Anglo-Swedish War (1810–12)
||This article includes a list of references, but its sources remain unclear because it has insufficient inline citations. (November 2012)|
|Anglo-Swedish War of 1810-1812|
|Part of the Napoleonic Wars|
|Casualties and losses|
During the Napoleonic Wars until 1810, Sweden and the United Kingdom were allies in the war against Napoleon. As a result of Sweden's defeat in the Finnish War and the Pomeranian War, and the following Treaty of Fredrikshamn and Treaty of Paris, Sweden declared war on the United Kingdom. The bloodless war, however, existed only on paper, and Britain was still officially allowed to station ships in the Swedish port of Hanö and trade with the Baltic nations.
The Treaty of Paris concluded on January 6, 1810, forced Sweden to join the Continental System, a trade embargo against Great Britain. Since Great Britain was Sweden's biggest trade partner this caused economic difficulties, and the trade continued to take place through smuggling. On November 13, 1810, France delivered an ultimatum to the Swedish government demanding that within five days Sweden:
- Declare war against Great Britain,
- Confiscate all British ships in Swedish ports,
- Seize all British products in Sweden.
France and its allies threatened to declare war against Sweden if Sweden did not meet the French demands. On November 17, the Swedish government declared war against Great Britain.
No acts of war occurred during the conflict, and Britain was even permitted to station boats in Hanö. Nevertheless, fearing the possibility of a British invasion, the Swedish government began to conscript more farmers into military service. This led to the only bloodshed during the war on June 15, 1811, when Major-General Hampus Mörner with 140 men acted to disperse a group of farmers in Klågerup in Scania who objected to the conscription policy. In the Klågerup riots, Mörner's soldiers killed 30 farmers.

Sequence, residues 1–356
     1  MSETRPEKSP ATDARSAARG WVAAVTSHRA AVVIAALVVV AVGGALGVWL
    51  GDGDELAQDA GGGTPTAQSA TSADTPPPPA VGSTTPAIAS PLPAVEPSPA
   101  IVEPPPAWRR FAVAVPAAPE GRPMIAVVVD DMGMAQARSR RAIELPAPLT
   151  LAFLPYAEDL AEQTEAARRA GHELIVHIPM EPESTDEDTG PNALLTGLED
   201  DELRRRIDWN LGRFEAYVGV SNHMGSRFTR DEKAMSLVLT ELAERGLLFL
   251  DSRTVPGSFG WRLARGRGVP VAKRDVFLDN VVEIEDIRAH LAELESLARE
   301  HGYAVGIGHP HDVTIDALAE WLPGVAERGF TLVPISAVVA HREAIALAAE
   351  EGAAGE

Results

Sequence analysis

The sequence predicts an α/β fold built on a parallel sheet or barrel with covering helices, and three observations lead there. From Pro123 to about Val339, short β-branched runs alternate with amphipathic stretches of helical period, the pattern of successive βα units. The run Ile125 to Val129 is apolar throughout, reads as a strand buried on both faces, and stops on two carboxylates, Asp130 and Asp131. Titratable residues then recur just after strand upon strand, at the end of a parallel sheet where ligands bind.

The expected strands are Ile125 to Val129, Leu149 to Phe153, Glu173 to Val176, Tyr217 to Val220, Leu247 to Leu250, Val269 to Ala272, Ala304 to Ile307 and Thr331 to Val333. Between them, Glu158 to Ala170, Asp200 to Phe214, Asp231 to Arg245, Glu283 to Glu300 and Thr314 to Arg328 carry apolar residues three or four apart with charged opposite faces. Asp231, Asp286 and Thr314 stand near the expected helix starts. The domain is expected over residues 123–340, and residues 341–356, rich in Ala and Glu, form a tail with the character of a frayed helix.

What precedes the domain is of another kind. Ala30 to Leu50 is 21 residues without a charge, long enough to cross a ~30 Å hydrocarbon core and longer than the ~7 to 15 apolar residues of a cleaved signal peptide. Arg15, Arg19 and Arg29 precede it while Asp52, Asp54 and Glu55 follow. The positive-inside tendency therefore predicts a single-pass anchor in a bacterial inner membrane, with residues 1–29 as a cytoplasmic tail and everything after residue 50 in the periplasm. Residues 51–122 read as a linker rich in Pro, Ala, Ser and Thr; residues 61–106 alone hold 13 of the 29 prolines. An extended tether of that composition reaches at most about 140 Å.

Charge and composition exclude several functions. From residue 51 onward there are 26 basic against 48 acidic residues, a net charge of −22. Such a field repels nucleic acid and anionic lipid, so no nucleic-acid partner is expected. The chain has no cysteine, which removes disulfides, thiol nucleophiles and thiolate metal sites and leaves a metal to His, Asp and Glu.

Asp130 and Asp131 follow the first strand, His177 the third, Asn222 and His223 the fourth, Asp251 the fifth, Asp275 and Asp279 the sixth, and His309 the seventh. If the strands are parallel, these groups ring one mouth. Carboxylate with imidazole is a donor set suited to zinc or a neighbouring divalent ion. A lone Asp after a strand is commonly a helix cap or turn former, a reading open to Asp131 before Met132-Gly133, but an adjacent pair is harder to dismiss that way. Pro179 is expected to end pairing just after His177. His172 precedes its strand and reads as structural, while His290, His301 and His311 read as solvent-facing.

The Swedish Crown Prince Charles August had died on May 28, 1810, and on August 21, 1810, Jean-Baptiste Bernadotte was elected crown prince of Sweden. Under Bernadotte's rule, Sweden's relationship with France deteriorated. When France occupied Swedish Pomerania and the island of Rügen in 1812, Sweden sought peace with Great Britain.
Treaties of Orebro
After long negotiations, the Treaty of Orebro was signed on July 18, 1812. On the same day and at the same place, Britain and Russia signed a peace treaty bringing the Anglo–Russian War of 1807–1812 to an end.
- Sundberg, Ulf(1998), page 391-393
- Norie, John William(1827), page 560
- Norie, John William(1827) - The naval gazetteer, biographer, and chronologist; containing a history of the late wars, from their commencement in 1793 to their final conclusion in 1815; and continued, as to the biographical part, to the present time (J. W. Norie & Co)
- Sundberg, Ulf(1998) - Svenska krig, 1521-1814 (Hjalmarson & Högberg, Stockholm) ISBN 91-89080-14-9